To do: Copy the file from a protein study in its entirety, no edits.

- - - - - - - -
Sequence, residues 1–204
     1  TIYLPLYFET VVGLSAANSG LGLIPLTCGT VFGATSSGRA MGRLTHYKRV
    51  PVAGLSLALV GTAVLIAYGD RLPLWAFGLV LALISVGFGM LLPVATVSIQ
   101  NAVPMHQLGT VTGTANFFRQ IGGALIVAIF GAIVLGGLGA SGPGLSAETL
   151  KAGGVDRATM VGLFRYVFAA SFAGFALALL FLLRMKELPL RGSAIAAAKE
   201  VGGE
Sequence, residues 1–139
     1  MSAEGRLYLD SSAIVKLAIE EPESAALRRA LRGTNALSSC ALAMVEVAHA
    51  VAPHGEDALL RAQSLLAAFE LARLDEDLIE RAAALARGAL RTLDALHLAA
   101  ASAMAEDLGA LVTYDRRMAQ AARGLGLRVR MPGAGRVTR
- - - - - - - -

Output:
Sequence, residues 1–204
     1  TIYLPLYFET VVGLSAANSG LGLIPLTCGT VFGATSSGRA MGRLTHYKRV
    51  PVAGLSLALV GTAVLIAYGD RLPLWAFGLV LALISVGFGM LLPVATVSIQ
   101  NAVPMHQLGT VTGTANFFRQ IGGALIVAIF GAIVLGGLGA SGPGLSAETL
   151  KAGGVDRATM VGLFRYVFAA SFAGFALALL FLLRMKELPL RGSAIAAAKE
   201  VGGE
Sequence, residues 1–139
     1  MSAEGRLYLD SSAIVKLAIE EPESAALRRA LRGTNALSSC ALAMVEVAHA
    51  VAPHGEDALL RAQSLLAAFE LARLDEDLIE RAAALARGAL RTLDALHLAA
   101  ASAMAEDLGA LVTYDRRMAQ AARGLGLRVR MPGAGRVTR